Developing Loving Rabbis & Jewish Professionals

By Aryeh Ben David

Today, our rabbis and Jewish professionals are trained to be successful community leaders. They are smart, articulate, learned, motivated, and creative. They are trained in Jewish learning, counseling skills, and organizational proficiency.

But what would happen if a central element of their training was developing, enhancing, and increasing their capacity for loving and compassion?

Rabbi Akiva said that “loving your fellow person” was the central foundation of Torah. We follow the rulings of Hillel and not Shammai – not because Hillel was smarter or more persuasive, but because Hillel was kinder and more humble. We want Jewish law to foster a community of people behaving like Hillel – kind and humble.

Are we there now?

I have 4 questions:

  • Are our rabbis and Jewish professionals the most loving people in our communities?
  • If not – how would our communities be different if they were?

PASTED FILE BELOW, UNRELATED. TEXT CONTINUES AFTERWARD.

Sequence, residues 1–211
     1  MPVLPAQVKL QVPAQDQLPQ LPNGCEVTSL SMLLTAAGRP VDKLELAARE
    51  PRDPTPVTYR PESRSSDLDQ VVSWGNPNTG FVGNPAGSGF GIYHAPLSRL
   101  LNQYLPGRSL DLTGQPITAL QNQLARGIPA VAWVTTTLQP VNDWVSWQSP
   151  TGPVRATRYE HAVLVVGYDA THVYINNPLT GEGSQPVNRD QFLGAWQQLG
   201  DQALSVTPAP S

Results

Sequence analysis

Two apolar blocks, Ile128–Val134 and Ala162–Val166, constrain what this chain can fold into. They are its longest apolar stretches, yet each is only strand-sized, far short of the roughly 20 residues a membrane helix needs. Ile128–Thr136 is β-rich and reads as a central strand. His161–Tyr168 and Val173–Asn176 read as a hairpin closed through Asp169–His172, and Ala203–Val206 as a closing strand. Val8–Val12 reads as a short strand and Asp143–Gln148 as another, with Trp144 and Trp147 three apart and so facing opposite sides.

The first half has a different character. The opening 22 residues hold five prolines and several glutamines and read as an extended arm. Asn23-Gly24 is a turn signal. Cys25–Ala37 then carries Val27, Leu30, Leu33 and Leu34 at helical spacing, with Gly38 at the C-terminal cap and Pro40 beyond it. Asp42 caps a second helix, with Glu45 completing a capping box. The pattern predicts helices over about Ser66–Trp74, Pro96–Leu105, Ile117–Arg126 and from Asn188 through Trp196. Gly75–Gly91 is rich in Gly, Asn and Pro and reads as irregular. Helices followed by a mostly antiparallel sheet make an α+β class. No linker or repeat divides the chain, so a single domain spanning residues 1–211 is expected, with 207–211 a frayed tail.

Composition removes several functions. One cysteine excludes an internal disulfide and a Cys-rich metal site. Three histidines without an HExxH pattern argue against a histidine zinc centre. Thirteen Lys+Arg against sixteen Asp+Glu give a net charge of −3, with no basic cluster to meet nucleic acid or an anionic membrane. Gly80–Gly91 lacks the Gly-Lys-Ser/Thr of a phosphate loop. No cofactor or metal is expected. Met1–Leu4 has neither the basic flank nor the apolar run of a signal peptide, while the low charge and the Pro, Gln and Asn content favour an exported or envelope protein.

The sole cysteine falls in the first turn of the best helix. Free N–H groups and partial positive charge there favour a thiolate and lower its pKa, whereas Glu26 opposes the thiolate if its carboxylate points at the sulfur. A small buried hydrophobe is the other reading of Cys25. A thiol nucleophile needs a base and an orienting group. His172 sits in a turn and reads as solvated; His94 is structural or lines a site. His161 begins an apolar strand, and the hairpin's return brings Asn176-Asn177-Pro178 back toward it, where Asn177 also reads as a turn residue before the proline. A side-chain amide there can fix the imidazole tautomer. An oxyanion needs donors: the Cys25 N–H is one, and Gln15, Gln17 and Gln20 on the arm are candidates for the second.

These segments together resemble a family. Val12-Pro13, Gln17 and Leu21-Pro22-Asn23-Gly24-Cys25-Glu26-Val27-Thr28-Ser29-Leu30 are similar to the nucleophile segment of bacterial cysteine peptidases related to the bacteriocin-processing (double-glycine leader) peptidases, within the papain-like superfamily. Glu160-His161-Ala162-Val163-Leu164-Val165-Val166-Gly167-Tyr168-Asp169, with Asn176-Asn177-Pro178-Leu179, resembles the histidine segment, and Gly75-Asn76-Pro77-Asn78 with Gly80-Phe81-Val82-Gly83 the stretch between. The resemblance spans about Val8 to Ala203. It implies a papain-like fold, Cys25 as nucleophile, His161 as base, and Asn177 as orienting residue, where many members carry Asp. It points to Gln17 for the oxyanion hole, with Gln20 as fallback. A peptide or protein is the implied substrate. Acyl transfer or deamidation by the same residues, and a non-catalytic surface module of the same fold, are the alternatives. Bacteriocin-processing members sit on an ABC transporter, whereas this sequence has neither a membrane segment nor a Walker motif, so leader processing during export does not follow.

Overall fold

• What is holding us back from achieving this?
  • What small step can we take to move in this direction?

There are countless rabbis and Jewish professionals today who are wonderful role models of kindness and humility, thank God. But I suspect this is largely owing to their own personalities. I am not sure how many of these role models “learned” the importance of lovingkindness from their professional training.

How can we systemically develop leaders who are our role models in kindness and compassion?

Imagine for a moment our Jewish leaders were taught to be the disciples of Hillel – that their training first and foremost focused on creating kinder, more compassionate, more loving human beings. Imagine this was the primary concern of their degree-conferring programs.

It is not easy to become a more loving person. People often say to themselves – “I am who I am, it’s my personality. I’m not going to become more loving at age 30 or 40 or 60!”

When we say that – we’re way too easy on ourselves. It’s a cop-out. Compassion and loving is a muscle that has endless scope – that we can strengthen at any stage in our lives.

I return to the 4 questions:

  • Are our rabbis and Jewish professionals the most loving people in our communities?
  • If not – how would our communities be different if they were?
  • What is holding us back from achieving this?
  • What small step can we take to move in this direction?

Please share your thoughts. We need to begin the conversation.

Aryeh Ben David is the Founder and Director of Ayeka: Center for Soulful Education.